The second event was that in 1809, Thomas Knight came into possession of the considerable estate of Downton Castle from his brother. With the benefit of his pioneering skills in plant breeding and 10,000 acres of land at his disposal, Knight continued to develop disease-resistant cultivars of tree fruits in their many thousands. His work also raised stocks of potatoes, peas and cabbages to new standards of excellence. He is perhaps best remembered for the Downton Strawberry, or 'Knight's Seedling'.

Knight performed new physiological experiments on plants. He investigated the effects of gravity on seedlings and how decay in fruit trees was passed on by grafting. In many respects his work looked back to that of Rev. Stephen Hales. His goals were always strictly practical, aiming to improve food plants by breeding for better qualities. In the mid-19th century, the Downton strawberry was a popular strawberry in Britain, until it was eclipsed by modern strawberry hybrids at the turn of the century.

It is not widely known that he studied variation in peas and made similar observations to Mendel, but he failed to make the same imaginative leap about the relationships between these changes.[10] Knight intentionally shut himself off from outside scientific influences but did maintain correspondence with others around the world as well as meeting some of them during his annual visits to London. He refused to read anyone else's scientific papers until Sir Joseph Banks, with whom he had a voluminous correspondence, persuaded him to do so. Knight also corresponded with Sir Humphry Davy.[8]

His research was, however, read and appreciated by his contemporaries. Charles Darwin acknowledged Knight's breeding experiments in The Origin of Species. He was elected a Fellow of the Royal Society in 1805 and awarded the Copley medal in 1806.[9] He was given honorary membership and awards from agricultural and horticultural societies in Europe, Russia, the USA and Australia. Distribution of Knight's apple seeds and scions to the USA helped develop its apple industry.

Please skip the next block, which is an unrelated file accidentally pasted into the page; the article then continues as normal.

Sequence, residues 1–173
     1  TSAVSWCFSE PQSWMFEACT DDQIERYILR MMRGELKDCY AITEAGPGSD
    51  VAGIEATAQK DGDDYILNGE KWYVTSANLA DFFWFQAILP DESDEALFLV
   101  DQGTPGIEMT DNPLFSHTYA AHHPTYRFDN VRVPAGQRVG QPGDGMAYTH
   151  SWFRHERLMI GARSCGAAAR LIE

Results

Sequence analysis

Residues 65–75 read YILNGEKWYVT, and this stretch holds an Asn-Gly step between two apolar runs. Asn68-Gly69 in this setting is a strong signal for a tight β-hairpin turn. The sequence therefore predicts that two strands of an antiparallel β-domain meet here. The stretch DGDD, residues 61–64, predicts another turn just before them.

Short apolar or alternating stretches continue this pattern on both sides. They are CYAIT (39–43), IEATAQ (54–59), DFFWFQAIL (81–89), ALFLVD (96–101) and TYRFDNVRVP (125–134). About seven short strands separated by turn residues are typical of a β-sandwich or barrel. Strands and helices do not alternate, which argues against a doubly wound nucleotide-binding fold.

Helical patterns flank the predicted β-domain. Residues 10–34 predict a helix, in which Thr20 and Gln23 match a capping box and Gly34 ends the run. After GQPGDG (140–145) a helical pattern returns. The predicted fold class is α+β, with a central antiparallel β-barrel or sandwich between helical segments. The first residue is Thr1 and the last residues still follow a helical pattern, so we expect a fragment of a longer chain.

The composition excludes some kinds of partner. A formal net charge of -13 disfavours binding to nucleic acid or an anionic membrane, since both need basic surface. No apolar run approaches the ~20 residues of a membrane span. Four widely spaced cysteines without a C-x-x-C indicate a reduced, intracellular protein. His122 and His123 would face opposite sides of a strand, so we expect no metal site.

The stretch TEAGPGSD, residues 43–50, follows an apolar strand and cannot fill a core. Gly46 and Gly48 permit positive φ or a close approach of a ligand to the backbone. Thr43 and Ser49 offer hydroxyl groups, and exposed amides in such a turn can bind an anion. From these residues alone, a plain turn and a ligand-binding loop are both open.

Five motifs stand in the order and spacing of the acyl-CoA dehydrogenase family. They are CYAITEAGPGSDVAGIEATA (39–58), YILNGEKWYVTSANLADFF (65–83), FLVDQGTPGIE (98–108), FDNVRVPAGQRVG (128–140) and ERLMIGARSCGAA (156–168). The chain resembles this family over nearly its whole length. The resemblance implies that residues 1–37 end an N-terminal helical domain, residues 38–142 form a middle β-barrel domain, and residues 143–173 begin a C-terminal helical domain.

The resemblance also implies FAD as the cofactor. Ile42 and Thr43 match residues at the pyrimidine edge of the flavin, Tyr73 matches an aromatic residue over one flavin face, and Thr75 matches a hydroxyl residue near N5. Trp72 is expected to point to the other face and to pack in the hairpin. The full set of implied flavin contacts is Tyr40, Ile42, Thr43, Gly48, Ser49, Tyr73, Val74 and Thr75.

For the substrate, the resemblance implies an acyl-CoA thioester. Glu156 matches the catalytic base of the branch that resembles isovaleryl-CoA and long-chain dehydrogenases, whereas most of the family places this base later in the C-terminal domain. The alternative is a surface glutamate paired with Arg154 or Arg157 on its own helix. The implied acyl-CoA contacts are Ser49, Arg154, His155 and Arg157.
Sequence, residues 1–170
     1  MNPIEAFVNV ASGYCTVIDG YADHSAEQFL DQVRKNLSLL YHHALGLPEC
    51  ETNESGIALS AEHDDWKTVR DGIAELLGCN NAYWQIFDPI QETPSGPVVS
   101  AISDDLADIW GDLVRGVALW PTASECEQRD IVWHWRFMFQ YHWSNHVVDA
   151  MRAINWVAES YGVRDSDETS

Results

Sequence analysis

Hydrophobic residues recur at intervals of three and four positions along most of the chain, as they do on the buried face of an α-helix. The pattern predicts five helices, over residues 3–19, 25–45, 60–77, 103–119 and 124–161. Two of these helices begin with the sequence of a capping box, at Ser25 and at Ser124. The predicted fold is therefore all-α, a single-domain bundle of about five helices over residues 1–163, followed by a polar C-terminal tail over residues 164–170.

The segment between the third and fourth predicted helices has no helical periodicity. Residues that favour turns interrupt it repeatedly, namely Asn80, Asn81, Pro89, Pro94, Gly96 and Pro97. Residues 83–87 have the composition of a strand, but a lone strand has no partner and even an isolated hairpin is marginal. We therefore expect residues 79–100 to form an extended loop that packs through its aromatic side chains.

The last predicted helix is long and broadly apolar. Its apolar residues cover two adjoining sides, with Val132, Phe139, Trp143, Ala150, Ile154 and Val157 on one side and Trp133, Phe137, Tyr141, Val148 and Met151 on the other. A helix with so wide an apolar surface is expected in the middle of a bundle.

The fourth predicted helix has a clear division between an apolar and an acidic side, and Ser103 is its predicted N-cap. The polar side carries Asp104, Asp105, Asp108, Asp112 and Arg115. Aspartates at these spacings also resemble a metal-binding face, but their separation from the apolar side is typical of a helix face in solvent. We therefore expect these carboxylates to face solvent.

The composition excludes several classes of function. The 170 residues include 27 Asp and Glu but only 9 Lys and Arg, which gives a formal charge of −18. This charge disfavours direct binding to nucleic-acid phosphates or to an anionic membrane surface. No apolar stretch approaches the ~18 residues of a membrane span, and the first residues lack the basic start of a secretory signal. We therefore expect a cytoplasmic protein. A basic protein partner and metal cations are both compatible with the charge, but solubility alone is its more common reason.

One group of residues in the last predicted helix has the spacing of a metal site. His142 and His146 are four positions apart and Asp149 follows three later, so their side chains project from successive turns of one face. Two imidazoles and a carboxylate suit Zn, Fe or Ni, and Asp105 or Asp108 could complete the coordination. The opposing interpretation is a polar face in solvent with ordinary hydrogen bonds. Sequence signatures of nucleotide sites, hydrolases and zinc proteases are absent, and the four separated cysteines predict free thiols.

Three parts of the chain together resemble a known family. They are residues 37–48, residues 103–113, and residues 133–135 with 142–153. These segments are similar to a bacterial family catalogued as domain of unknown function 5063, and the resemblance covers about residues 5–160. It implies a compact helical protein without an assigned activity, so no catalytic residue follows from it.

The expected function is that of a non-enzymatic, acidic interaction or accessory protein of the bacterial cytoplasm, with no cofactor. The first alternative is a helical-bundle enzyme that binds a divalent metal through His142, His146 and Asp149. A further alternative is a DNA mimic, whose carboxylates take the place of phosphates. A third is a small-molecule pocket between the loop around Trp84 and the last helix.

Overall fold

Banks, president of the Royal Society, had recognised Knight's contributions to science and asked him to join the Horticultural Society, as it was then known. After the death of the first president, George Legge, 3rd Earl of Dartmouth, Banks proposed Knight as president. In 1864 the Society received a royal patent from Albert, Prince Consort, which permitted it to be known as the Royal Horticultural Society. Banks called upon Knight to write a "prospectus" for the society (what would now be called a mission statement), outlining its functions and purpose.

Younger members of the Society were inspired by his example, such as Thomas Laxton. Laxton adopted methods of careful observation and practical goals that resulted in improved varieties of apples, peas and sweet peas among many others, together with a thriving seed business.

The standard author abbreviation T.Knight is used to indicate this person as the author when citing a botanical name.[11]